The woolly-haired blacks did not indeed know that they had been provided with loosely made swords which would go to pieces at the first shock, and with shields which could not resist a serious blow; while the fair- haired representatives of the light were supplied with sharp and strong weapons of offense and defense. At any cost the spirits of darkness must not be allowed to triumph over those of light. Of what value was a negro's life, especially when it was already forfeited?
While Euryale and Melissa sat with eyes averted from the horrible scene going on above them, and the matron, holding her young companion's hand, whispered to her:
"O child, child! to think that I should be compelled to bring you here!" loud applause and uproarious clapping surrounded them on every side.
The gem-cutter Heron, occupying one of the foremost cushioned seats, radiant with pride and delight in the red-bordered toga of his new dignity, clapped his big hands with such vehemence that his immediate neighbors were almost deafened. He, too, had been badly received, on his arrival, with shrill whistling, but he had been far from troubling himself about that. But when a troop of "Greens" had met him, just in front of the imperial dais, shouting brutal abuse in his face, he had paused, chucked the nearest man under the chin with his powerful fist, and fired a storm of violent epithets at the rest. Thanks to the lictors, he had got off without any harm, and as soon as he found himself among friends and men of rank, on whom he looked in speechless respect, he had recovered his spirits. He was looking forward with intense satisfaction to the moment when he might ask Caesar what he now thought of Alexandria.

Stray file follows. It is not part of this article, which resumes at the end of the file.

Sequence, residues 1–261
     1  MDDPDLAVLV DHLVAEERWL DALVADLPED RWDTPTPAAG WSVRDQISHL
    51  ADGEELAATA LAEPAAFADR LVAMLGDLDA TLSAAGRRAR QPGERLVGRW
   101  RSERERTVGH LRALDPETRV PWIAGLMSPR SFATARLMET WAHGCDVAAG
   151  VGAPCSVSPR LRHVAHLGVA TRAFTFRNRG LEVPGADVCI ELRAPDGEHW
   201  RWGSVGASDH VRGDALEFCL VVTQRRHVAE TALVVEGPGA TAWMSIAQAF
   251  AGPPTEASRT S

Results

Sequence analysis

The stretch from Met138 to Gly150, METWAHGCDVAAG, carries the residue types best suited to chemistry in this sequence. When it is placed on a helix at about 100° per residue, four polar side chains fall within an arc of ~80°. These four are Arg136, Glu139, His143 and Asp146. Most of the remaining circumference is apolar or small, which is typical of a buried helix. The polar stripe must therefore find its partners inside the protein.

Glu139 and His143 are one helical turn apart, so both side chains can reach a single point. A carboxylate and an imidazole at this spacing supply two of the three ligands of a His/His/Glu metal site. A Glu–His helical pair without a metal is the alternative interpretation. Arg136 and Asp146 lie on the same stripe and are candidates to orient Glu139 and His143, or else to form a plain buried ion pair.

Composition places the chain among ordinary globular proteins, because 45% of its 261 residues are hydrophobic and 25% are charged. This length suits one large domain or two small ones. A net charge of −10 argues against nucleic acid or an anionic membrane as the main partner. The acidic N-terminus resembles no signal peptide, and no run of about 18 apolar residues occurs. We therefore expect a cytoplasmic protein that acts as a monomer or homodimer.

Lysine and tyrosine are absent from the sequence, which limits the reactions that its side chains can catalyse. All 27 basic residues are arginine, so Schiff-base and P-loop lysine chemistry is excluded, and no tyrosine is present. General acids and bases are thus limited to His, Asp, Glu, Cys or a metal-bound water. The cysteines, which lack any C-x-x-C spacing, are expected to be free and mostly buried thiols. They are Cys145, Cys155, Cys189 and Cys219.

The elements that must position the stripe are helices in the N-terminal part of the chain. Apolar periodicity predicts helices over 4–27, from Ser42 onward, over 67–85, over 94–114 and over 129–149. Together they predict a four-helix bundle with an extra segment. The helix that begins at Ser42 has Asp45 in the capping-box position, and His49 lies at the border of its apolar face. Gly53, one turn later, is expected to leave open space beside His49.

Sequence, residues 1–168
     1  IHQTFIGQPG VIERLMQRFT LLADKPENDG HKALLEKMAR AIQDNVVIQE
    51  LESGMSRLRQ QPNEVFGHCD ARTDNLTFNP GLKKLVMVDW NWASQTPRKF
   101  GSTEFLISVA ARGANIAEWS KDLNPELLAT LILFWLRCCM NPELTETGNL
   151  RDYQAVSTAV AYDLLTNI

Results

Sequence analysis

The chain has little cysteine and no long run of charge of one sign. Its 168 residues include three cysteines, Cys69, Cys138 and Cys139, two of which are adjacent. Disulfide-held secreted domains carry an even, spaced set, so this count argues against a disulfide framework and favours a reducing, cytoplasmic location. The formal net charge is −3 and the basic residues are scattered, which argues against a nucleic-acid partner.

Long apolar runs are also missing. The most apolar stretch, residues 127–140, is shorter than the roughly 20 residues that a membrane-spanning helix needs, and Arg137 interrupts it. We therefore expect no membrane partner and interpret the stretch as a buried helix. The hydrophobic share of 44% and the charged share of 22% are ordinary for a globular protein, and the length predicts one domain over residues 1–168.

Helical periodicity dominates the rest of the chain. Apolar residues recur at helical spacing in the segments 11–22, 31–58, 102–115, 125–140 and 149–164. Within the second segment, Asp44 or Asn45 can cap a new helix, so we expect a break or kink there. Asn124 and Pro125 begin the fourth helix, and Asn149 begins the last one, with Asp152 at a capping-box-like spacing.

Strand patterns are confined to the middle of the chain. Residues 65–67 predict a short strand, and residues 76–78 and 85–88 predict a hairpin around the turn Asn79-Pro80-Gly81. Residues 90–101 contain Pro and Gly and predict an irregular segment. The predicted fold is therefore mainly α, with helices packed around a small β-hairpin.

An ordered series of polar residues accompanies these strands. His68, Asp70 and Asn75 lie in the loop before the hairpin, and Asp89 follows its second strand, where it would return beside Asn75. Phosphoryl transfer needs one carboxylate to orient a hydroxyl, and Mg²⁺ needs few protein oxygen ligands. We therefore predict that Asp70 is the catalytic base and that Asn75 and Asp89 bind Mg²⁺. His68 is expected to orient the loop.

Like his father, Alexander was intent on the bloody struggle--gazing upward with breathless interest as the combatants tried to fling each other into the yawning depth below them. But at the same time he never for an instant forgot the insults he had endured outside. How deeply he felt them was legible in his clouded face. Only once did a smile pass over it--when, toward the end of this first fight, the place was made lighter, he perceived in the row of seats next above him the daughter of his neighbor Skopas, pretty Ino, whom but a few days since he had vowed to love. He was conscious of having treated her badly, and given her the right to call him faithless. Toward her, indeed, he had been guilty of treachery, and it had really weighed on his soul. Their eyes met, and she gave him to understand in the plainest way that she had heard him stigmatized as Caesar's spy, and had believed the calumny. The mere sight of him seemed to fill her with anger, and she did her utmost to show him that she had quickly found a substitute for him; and it was to Alexander, no doubt, that Ktesias, her young kinsman, who had long paid her his addresses, owed the kindliness with which Ino now gazed into his eyes. This was some comfort to the luckless, banished lover. On her account, at any rate, he need reproach himself no longer. Diodoros was sitting opposite to him, and his attention, too, was frequently interrupted.